Intex, an Indian phone company will soon start selling a smartphone powered by an 8-core processor. This new processor is made by MediaTek, a Taiwanese company. Unlike the 8-core processor made by Samsung, which uses only four cores at a time in Galaxy Note 3 and Galaxy S4, the processor made by MediaTek can use all of its cores simultaneously.
The processor is called MT6592 and it can run at a speed of up to 2GHz. But in the phone that Intex will launch, the processor will run at the speed of up to 1.7GHz.
For now Intex is the only Indian company that has announced its intention to launch a phone powered by this 8-core processor but if past is any indication, MT6592 should soon come in other phones sold by local companies like Micromax and Spice. Currently most of the top-end phones sold by local players are powered by MT 6589, a quad-core processor made by MediaTek.
There are two key questions:
* How fast is an 8-core processor? Can it match or beat the high-end quad-core processors used by Samsung and Qualcomm?
* Does it help consumers get better experience from the phone? Do you need 8-cores in a processor?
Before we talk about MT6592, let’s take a look at its specifications:
* MT6592 has 8 cores based on A7 architecture by ARM. A7 is a low-performance, low-power use architecture compared to technology used by Qualcomm and Samsung in their high-end processors.
* The processor has four cores of Mali 450 graphics chip
* MT6592 supports playback of 4K videos
* It supports new video codecs such as H.265 and VP9
* The chip supports up to 16 mega-pixel cameras
To check theoretical performance of MT6592, we ran some benchmarking apps on the Intex phone that will launch in January. The device is in prototype stage as the software running on it is not yet final. So performance figures we obtained through benchmarks are only indicative of the final performance, which is likely to be slightly better.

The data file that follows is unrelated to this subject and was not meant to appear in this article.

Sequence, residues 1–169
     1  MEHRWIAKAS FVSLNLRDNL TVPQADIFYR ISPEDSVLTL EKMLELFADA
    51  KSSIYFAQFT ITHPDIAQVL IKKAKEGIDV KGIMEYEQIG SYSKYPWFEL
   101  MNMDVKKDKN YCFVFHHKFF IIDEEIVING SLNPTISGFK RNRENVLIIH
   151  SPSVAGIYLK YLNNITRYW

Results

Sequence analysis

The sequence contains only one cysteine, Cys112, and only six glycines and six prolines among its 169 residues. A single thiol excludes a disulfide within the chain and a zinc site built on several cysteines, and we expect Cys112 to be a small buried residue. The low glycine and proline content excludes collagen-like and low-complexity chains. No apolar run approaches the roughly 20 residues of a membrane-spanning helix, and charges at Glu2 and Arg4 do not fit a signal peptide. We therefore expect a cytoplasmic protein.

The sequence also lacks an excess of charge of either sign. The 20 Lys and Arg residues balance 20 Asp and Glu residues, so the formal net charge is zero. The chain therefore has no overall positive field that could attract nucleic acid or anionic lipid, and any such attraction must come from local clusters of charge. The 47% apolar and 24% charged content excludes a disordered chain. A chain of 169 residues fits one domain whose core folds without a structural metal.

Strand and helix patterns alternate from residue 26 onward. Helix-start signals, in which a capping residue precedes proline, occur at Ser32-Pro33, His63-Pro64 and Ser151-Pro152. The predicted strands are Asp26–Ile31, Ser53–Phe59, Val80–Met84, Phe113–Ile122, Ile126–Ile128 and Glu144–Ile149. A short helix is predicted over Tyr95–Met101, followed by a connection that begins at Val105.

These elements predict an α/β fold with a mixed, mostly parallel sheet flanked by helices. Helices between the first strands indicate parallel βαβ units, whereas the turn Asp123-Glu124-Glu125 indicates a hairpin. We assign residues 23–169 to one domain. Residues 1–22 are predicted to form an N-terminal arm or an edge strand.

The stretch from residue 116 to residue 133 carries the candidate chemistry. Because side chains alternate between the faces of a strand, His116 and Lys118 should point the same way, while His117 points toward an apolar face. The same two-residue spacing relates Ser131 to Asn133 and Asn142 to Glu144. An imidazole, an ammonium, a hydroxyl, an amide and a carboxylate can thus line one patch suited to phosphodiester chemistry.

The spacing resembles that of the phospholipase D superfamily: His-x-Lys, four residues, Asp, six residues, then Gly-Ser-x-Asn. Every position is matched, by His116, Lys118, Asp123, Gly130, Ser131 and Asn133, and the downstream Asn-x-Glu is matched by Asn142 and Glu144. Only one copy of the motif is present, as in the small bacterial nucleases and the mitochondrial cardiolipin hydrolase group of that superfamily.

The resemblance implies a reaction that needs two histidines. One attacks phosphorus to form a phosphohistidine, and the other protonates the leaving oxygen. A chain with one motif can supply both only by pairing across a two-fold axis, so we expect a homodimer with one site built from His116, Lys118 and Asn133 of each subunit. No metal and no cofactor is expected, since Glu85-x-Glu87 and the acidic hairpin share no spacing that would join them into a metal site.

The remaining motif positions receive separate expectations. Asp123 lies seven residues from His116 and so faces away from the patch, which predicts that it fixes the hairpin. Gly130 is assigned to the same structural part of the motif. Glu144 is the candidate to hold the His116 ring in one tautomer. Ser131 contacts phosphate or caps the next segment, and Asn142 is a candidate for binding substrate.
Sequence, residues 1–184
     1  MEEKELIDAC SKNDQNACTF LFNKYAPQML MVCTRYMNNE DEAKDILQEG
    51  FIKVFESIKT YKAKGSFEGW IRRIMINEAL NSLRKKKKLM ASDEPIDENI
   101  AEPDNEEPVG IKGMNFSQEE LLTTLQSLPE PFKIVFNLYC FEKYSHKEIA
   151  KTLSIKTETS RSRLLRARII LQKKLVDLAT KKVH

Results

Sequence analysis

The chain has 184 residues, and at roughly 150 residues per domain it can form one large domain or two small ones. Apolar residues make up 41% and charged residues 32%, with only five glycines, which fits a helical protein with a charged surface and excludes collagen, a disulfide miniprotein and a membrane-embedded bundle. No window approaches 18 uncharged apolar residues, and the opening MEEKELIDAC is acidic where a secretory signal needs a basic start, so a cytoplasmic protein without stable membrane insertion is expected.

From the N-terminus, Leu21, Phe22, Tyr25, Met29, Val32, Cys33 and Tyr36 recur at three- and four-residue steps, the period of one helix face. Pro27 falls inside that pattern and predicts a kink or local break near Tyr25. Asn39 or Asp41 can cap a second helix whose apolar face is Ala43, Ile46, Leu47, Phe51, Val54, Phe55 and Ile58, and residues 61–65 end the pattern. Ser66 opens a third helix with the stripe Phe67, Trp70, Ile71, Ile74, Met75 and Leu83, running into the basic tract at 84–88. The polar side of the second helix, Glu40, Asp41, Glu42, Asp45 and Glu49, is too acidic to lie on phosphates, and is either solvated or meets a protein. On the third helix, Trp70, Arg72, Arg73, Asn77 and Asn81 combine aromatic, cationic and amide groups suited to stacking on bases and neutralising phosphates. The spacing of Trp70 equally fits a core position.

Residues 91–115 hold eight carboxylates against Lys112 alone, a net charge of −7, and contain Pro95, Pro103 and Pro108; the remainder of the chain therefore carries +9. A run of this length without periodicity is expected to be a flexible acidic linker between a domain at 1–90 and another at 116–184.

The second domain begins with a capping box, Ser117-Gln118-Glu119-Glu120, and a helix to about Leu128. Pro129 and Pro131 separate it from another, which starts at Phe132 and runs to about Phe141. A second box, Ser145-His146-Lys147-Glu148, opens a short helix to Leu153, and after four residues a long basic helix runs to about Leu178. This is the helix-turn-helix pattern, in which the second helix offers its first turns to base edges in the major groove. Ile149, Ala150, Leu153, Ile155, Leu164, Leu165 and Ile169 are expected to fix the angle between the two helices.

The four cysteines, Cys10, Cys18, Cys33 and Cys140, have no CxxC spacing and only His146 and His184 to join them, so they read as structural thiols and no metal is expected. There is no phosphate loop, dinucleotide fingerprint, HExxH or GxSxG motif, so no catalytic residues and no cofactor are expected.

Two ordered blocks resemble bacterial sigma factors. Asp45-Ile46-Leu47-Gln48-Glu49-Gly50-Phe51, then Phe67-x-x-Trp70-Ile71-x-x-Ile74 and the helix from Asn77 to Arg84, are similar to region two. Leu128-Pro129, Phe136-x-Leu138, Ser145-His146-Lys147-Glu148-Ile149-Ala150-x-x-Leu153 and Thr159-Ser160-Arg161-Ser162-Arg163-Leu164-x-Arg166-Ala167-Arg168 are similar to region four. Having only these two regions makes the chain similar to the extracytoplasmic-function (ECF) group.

We used GeekBench 3, Vellamo HTML and Vellamo Metal, BrowserMark and Sunspider to find out the general computing performance.
To get an indication of gaming performance of MT6592, 3D Mark, GLBenchmark 2.7 and BaseMark X were run on the phone.
Results Geekbench 3: 440 points for single core. 2331 points for multi-core.
Interpretation: MT6592 offers lots of performance to apps that can use all its cores. Unfortunately most apps use one or two cores and performance with these apps is likely to be average with MT6592.
Vellamo HTML: 1834 points
Vellamo Metal: 681 points
Interpretation: This is a decent score but nowhere near what top phones manage. But this is enough performance for a fast and responsive phone.
BrowserMark: 2515 points
Sunspider: 997 points (lower is better)
Interpretation: This is a good score and shows that MT6592 is capable of offering good web browsing experience.
3D Mark: 7095 points is the total score. For physics, MT6589 scores 11034 points and for graphics the score is 6438 points.